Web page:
Using registries to support HTA submissions in Japan
By: Nancy Dreyer, MPH, PhD | November 19, 2015
Health Technology Assessment (HTA) is becoming an essential part of market access across the globe — and Japan is no exception. HTA assessments differ from regulatory approval because they take into consideration multiple factors across the healthcare ecosystem to determine the ultimate benefits and cost of a new health therapy or technology. This means biopharma companies must contend with an ever-changing environment in which their drugs will be assessed.
A key component for success in these assessments is providing the Japanese Ministry of Health, Labor and Welfare, or any HTA group, with patient-centric data that include post-marketing studies that provide real-world evidence on safety, effectiveness and value. The Ministry will specifically want to see data that highlight who the treatment benefits and how a treatment will impact a patient given his or her situation, medical condition, gender and other key characteristics. Such data give HTA submissions proof to support for reimbursement, particularly if the sponsor a asking for a relatively high price for the treatment.
The challenge, however, is that most HTA submission data come from non-interventional (observational) studies, and in many countries — including Japan — there is no single database from which all of these necessary data can be obtained. Where databases exist, they are usually fragmented, providing only partial information, such as information about use of ambulatory care but not about hospitalizations and other high-cost events. It is difficult to link databases to track the full continuum of care, even in the best of circumstances. This creates gaps in the value story and weakens an HTA.
Drug developers also face the time and cost related to periodic HTA reviews, which are often required every three years. If sponsors cannot find an efficient way to collect and assemble this data, they often find themselves in a perpetual state of gathering data in preparation for the next HTA review — a costly endeavor!
Biopharma companies can make this process more efficient by creating living registries (on-going studies) of patients with the disease of interest.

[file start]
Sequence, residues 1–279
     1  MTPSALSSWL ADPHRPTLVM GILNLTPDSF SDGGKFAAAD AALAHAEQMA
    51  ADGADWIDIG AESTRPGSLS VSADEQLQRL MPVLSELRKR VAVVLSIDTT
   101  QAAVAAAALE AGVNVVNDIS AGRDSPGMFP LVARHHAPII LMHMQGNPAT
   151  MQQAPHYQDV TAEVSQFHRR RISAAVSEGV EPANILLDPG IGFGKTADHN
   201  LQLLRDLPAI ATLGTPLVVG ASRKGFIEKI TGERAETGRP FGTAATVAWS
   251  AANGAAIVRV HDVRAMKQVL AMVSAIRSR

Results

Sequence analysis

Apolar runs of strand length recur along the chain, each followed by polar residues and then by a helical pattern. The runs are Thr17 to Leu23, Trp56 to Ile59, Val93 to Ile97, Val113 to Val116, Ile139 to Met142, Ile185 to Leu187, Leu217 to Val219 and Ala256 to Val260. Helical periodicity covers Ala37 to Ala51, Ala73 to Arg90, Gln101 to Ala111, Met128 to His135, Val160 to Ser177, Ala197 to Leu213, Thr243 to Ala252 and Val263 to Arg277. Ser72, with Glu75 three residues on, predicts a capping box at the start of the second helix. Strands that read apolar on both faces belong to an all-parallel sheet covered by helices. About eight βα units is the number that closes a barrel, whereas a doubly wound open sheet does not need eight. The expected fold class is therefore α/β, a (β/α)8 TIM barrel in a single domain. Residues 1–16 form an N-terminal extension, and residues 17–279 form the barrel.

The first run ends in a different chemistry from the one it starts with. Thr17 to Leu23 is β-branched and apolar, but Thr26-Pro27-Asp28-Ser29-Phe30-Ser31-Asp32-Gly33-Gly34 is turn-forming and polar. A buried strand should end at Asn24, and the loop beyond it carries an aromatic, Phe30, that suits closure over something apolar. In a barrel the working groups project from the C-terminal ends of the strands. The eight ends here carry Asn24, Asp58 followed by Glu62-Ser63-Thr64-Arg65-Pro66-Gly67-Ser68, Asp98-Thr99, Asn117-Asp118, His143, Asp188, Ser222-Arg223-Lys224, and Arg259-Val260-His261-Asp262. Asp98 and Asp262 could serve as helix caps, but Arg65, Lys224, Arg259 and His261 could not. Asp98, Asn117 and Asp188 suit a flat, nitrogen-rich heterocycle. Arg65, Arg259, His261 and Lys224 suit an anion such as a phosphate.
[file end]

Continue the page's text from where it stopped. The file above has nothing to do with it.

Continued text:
A patient registry is an organized system that uses observational study methods to collect uniform clinical, payment and other relevant data for a specified study purpose. Once enrolled in a registry, clinicians and/or patients report on all treatments and key metrics of disease cure or progression. They can also provide quality of life information, such as the ability to perform activities of daily living like the ability to dress themselves, and whether they are well enough to work. They may also provide information on other risk factors that could mitigate the benefits of treatment — certainly important factors to understand when trying to demonstrate the benefit of a treatment.
By creating a registry infrastructure and maintaining data collection, sponsors can generate a steady stream of data that can be used to benchmark their treatment against standard of care or particular competitors. They can also identify subgroups that demonstrate particularly strong benefits and cost-savings, and may isolate some groups that do not show any benefit. This approach will allow sponsors to provide these answers in a lot less time and for a lot less cost than if they begin this data collection process from scratch with each new HTA submission.
Here are six reason registries make HTA submissions stronger:
If a treatment requires ongoing HTA assessments, there is no question that an ongoing patient registry will save substantial time and money while improve the quality of data and reducing information gaps. Once the infrastructure is in place, it is merely a matter maintaining the registry, adapting fields to accommodate new data requirements and mining the data when it is needed.